Objective: The purpose of our study was to describe potential adverse effects associated with spinal immobilization following trauma among children.
Methods: We conducted a prospective cohort study of children presenting to the emergency department (ED) for evaluation following trauma over a 13-month period. Children were eligible if they underwent spinal immobilization prior to physician evaluation or if they met the American College of Surgeons (ACS) guidelines for spinal immobilization but were not immobilized. We compared children who were immobilized with those who were not immobilized for self-reported pain, use of radiography to evaluate the cervical spine, ED length of stay, and ED disposition. We also report the characteristics of the cohort.
Results: One hundred seventy-three spine-immobilized children and 112 children who met ACS criteria but were not immobilized were enrolled. There were differences between the two study groups, which included age, mechanism of injury, and proportion transported by emergency medical services. However, the comparison groups had comparable Pediatric Trauma Scores (PTSs) and Glasgow Coma Scale scores (GCSs). Immobilized children had a higher median pain score (3 versus 2) and were more likely to undergo cervical radiography (56.6% versus 13.4%) and be admitted to the hospital (41.6% versus 14.3%). The comparison groups had similar lengths of stay in the ED.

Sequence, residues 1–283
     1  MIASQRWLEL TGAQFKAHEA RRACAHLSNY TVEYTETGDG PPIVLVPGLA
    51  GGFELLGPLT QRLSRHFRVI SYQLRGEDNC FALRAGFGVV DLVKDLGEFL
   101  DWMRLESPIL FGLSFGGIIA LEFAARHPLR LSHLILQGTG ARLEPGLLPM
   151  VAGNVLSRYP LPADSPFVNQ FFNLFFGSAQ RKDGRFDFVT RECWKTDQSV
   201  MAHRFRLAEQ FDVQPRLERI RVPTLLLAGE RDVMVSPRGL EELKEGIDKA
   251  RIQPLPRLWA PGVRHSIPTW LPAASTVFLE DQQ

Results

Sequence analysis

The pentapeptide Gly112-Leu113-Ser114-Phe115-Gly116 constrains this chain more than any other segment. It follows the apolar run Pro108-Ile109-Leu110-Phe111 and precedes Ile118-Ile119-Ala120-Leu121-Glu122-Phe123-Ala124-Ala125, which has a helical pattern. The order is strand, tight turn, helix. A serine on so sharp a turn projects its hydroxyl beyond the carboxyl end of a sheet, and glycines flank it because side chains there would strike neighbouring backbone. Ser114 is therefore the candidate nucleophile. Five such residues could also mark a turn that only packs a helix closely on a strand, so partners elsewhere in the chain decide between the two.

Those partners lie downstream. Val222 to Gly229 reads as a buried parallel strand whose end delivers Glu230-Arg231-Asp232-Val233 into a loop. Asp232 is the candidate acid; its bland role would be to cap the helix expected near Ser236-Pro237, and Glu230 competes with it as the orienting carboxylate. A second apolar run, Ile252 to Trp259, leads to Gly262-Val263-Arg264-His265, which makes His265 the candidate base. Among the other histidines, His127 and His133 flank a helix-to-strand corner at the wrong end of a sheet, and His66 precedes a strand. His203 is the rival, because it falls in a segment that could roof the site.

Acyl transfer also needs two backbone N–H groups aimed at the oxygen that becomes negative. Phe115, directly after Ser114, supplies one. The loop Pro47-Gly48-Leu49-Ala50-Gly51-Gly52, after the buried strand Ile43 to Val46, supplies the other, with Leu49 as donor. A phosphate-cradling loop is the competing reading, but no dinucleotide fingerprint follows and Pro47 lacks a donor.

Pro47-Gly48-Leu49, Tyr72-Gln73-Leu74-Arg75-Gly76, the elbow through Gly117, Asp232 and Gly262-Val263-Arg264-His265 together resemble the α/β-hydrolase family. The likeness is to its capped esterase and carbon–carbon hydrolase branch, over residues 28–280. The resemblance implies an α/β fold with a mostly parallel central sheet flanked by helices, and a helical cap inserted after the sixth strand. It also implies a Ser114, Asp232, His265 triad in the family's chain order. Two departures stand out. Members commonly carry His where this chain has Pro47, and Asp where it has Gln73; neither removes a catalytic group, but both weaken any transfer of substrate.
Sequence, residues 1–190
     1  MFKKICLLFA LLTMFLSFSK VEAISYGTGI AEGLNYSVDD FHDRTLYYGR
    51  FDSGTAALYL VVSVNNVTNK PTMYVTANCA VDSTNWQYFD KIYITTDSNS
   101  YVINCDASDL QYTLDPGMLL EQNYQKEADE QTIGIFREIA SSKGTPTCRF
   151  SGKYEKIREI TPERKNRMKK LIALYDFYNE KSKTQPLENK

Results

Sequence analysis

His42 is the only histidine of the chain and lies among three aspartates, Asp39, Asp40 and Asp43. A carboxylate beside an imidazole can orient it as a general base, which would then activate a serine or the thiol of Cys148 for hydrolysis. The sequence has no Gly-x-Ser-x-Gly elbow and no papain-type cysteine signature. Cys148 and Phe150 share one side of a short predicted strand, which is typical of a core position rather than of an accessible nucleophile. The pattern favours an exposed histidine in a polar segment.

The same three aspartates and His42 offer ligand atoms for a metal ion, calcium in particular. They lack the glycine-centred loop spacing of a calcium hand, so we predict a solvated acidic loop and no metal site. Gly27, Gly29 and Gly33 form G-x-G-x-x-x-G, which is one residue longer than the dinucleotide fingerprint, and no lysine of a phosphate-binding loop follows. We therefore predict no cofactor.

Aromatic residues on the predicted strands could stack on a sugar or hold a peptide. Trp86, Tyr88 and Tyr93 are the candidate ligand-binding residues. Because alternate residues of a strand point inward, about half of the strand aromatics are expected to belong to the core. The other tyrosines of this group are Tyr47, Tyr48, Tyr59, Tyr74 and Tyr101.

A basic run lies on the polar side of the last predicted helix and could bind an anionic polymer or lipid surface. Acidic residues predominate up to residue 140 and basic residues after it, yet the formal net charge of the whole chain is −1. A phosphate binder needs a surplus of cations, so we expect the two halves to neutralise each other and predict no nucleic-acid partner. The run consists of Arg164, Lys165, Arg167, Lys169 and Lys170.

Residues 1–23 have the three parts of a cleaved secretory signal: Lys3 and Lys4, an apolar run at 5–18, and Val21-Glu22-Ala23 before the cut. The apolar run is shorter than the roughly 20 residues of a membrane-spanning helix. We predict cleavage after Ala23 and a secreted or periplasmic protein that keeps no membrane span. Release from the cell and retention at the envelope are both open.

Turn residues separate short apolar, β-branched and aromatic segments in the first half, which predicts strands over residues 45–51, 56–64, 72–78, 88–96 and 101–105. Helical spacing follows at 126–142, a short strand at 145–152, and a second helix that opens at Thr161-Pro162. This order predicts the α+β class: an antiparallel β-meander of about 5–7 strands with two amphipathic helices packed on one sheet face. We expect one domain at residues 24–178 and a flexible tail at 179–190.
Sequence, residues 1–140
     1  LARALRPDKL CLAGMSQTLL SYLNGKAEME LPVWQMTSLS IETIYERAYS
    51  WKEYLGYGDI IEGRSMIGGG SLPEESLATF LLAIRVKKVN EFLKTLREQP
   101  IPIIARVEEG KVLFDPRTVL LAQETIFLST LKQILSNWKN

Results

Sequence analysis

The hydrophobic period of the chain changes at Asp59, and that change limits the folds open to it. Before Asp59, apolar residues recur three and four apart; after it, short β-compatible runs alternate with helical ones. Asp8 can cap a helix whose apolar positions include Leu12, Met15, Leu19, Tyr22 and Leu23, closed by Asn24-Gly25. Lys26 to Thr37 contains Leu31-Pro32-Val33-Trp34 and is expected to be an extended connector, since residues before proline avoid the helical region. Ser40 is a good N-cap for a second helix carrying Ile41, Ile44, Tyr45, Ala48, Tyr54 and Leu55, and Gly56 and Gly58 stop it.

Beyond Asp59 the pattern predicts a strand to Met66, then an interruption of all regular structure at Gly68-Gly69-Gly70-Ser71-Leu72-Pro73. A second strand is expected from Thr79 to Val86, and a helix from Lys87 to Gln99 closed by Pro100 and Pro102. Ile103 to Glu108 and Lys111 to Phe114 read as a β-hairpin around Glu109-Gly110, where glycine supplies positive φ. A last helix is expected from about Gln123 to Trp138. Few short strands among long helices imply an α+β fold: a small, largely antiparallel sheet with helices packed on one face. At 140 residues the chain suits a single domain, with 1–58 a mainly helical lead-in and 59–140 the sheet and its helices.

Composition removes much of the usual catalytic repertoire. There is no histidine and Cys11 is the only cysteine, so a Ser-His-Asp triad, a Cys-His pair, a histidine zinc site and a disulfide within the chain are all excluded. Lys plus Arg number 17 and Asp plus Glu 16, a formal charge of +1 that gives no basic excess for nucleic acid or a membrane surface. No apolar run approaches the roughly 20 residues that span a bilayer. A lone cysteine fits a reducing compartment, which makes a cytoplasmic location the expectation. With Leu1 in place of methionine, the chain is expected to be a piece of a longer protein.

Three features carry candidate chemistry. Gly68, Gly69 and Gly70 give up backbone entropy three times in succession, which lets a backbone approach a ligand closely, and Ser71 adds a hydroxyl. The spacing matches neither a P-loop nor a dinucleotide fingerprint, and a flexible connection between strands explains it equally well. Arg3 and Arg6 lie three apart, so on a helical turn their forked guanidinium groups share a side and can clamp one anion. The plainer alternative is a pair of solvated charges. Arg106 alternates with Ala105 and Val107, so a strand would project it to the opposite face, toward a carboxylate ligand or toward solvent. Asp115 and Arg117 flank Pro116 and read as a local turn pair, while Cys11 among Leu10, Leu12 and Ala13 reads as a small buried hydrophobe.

Conclusion: Despite presenting with comparable PTSs and GCSs, children who underwent spinal immobilization following trauma had a higher degree of self-reported pain, and were much more likely to undergo radiographic cervical spine clearance and be admitted to the hospital than those who were not immobilized. Future studies are warranted to determine whether these differences are related to spinal immobilization or differences in the mechanisms of injury, injury patterns, or other variables.